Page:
Oft him anhaga
are gebideð,
metudes miltse,
þeah þe he modcearig
geond lagulade…
wadan wræclastas.
“The Wanderer”


The tiered square-cornered towers

are bone-cold, as are the wax walls

which were our flexible floors

and the pantries packed with nectars none

now taste; barren of the bustle

and thrum of its people, our humming palace

stands hollow and still.

Where are the women, gathered together

to comb the children, balancing burnished

orange pollen pressed into panniers,

fanning nectar of frost aster

and blackberry bloom, sugars of silverbell

and glad goldenrod, into strong sweets

for winter warmth? Far-flown,

rowing their single wing-ships alone,

exiles and refugees on the endless roads

of the sky, to sink at last, lost

and confused. How quickly they

fled the floors of wax and wood;

how quiet, now, the queen kneels,

that peace-giver who breathed grace

and comfort up through the colony’s

stacked stories. Soon she’ll be shut

in a broad black earth-chest;

and though in her glory she gave life

and life and life, slave to the hive,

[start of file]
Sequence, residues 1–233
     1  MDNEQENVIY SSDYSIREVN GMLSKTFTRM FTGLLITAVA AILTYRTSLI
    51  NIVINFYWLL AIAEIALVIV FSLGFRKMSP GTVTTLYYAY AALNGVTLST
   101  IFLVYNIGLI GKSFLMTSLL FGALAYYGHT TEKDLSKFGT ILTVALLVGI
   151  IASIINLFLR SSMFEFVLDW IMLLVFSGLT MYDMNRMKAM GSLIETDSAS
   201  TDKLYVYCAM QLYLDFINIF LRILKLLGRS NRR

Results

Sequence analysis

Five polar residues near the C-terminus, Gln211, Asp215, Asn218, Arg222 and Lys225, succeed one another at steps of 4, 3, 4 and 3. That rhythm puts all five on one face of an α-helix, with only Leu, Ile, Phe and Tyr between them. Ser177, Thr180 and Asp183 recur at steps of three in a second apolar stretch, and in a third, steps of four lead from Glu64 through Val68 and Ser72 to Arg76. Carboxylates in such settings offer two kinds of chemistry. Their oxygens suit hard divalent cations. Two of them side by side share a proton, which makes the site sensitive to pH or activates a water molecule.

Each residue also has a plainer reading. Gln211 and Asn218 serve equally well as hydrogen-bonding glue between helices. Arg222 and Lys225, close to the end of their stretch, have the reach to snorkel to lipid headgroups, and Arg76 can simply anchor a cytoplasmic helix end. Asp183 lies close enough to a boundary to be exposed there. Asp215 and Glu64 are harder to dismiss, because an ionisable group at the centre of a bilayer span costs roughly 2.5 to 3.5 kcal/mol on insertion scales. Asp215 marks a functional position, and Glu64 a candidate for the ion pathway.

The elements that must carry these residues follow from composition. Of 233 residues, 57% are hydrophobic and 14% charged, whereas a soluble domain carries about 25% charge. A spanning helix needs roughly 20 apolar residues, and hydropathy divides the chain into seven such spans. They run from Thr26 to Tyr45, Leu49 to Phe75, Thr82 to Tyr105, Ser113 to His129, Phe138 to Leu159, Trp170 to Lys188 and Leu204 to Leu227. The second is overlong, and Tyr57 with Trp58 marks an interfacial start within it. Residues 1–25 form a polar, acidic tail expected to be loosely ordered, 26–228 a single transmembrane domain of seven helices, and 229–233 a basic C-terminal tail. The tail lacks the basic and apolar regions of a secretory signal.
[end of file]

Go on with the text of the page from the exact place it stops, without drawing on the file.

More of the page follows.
raised up the gleaming ranks

and soft cells of ivory larvae,

no heir in her amber chamber waits

to wake and mate, not one daughter.

We six who stayed with her

creep or crawl our few aimless, helpless

inches, dazed with misfortune, too dismayed

even to strike at the shocked keeper—and

we were once brave battlemaids

in August’s weapon-weather, fearless

foragers, tender foster-mothers.

Who will remember now the rotating

cluster, its seats at the feast?

or the dance in the dim entry, summoning

sisters to glean the sourwood gold

of summer, bear it bright to six-

sided cups in warm combs

that throbbed with song, quivered and shimmered

with the endless generations? Griefs grow

countless as white clover as we whisper

the name-scents of nurslings and sisters.

If this world’s foundation is not all waste,

how shall we know? Where shall

the last of legions, left solitary,

find grace for herself, or her queen?

—Keeper, do even you know

what brought our bright rooms to ruin

and slips us into the sleep of the sting,

or what drink the flowers drew in

from the roiled air and the rain,

that pillaged the pillared honey-halls

and made mad our strong sisters,

leaving only the drumming

of the north wind’s needles on the steel

ceiling that shields silent halls

haunted by hive-beetles? It is true,

after all, what the old told us,

that at last all happiness

flows cold, all this world’s

stores of sweetness are fleeting and brief.